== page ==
A good consulting team can bring the expertise, experience, and sheer manpower needed to implement an initiative, allowing an organization to remain competitive. They can also help an organization incorporate agility into its infrastructure and culture, so they are prepared to continuously embrace change and meet future challenges head-on.
2: Looking for a fresh approach and perspective
Many organizations try different approaches and strategies to meet their goals only to find that the solutions weren’t right for the organization or implementation didn’t go as planned. However, they don’t always have the right perspective to get past these hurdles.
Because internal leaders and staff are ultra-close to the day-to-day business processes and systems, they often can’t see how “normal” or minor inconveniences affect employee morale, productivity and customer satisfaction. Moreover, many processes and systems used by organizations were built and/or implemented by current staff—who understandably have emotional connections to what is being used. Any changes to these processes or tools could be perceived as a critique or even a threat to their jobs.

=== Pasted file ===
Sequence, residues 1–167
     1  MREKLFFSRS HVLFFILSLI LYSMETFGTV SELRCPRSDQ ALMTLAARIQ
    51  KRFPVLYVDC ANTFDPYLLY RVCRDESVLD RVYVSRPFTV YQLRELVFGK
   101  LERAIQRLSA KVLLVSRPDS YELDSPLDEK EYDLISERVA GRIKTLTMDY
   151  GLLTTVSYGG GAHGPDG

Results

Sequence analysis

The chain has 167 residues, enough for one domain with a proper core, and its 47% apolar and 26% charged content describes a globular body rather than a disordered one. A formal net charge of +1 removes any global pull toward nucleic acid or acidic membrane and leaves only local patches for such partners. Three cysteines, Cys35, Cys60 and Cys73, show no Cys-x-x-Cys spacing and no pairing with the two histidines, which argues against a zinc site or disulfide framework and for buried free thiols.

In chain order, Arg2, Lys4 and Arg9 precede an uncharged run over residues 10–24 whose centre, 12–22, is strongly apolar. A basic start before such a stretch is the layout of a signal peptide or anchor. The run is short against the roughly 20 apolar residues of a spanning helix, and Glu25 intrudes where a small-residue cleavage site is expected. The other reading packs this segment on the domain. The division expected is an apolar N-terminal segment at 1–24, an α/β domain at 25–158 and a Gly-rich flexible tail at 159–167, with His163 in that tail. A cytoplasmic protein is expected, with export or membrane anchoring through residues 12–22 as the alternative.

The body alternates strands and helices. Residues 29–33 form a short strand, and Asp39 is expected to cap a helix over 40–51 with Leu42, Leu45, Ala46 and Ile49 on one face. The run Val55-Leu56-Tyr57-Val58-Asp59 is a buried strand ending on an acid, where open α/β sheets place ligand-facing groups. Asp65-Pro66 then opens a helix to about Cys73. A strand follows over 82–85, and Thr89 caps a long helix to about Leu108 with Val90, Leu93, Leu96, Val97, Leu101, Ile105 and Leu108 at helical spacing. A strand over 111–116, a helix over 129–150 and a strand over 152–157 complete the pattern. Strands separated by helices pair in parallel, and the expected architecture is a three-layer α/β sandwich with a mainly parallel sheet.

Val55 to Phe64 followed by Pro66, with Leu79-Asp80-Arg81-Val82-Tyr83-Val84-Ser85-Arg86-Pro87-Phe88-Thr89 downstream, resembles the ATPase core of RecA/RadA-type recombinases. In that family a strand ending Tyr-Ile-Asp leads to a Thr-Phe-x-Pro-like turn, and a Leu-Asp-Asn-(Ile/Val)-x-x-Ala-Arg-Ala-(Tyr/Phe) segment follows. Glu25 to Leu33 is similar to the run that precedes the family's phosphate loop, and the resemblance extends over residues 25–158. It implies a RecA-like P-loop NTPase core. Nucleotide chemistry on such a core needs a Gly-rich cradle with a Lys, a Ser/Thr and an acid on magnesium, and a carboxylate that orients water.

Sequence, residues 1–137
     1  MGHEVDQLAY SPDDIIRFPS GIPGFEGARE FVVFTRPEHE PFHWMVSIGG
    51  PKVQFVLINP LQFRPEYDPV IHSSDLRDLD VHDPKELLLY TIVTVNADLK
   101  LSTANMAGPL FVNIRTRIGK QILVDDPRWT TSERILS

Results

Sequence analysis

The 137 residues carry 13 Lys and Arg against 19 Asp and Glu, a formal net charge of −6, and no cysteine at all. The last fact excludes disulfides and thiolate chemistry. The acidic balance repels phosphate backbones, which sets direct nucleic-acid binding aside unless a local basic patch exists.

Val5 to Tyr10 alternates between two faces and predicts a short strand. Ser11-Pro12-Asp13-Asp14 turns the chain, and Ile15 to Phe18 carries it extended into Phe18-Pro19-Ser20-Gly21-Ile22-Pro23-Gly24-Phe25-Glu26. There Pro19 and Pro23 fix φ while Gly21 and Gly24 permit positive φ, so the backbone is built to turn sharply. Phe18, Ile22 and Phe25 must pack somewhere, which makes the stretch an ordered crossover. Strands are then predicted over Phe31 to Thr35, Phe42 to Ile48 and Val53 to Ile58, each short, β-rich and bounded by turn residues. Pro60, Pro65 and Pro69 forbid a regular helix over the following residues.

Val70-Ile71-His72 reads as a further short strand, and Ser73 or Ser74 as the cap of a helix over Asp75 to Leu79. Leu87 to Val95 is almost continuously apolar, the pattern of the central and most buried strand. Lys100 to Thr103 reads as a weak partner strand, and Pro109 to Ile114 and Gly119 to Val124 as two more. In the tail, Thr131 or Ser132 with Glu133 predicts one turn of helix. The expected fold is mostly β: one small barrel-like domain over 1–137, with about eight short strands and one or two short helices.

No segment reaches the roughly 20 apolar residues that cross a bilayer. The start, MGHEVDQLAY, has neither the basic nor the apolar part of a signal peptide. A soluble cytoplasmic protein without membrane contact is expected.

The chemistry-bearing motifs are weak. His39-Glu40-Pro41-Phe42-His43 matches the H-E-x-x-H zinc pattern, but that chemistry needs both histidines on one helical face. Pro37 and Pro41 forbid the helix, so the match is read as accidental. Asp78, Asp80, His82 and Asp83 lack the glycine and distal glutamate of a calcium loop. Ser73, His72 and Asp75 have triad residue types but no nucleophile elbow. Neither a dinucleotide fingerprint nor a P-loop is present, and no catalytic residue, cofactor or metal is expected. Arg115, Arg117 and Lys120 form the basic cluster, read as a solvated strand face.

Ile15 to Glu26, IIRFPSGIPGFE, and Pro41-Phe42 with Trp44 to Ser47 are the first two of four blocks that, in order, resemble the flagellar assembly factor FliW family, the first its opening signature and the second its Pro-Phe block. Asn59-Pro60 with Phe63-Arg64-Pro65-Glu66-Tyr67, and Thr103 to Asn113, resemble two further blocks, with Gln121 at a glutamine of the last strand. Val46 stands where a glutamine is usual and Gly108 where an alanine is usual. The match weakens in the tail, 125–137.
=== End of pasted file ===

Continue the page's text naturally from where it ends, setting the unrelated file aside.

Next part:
With so much at stake, these organizations need a fresh approach to meet the industry’s evolving needs and make necessary improvements. By partnering with a consultant familiar with industry trends and benchmarks, organizations can quickly identify areas for improvement that can yield immediate benefits.
3. Lacking expertise in specific areas of RCM
Healthcare organizations are facing challenges new to the industry, particularly with value-based reimbursement models on the rise, patient consumerism and growing out-of-pocket expenses. Many providers don’t have the expertise to manage these functions, and feel understaffed and unprepared, in addition to lacking the right tools to effectively communicate with and collect payments from patients. The use of external expertise and solutions has become commonplace as healthcare navigates the shift from fee-for-service to value-based care.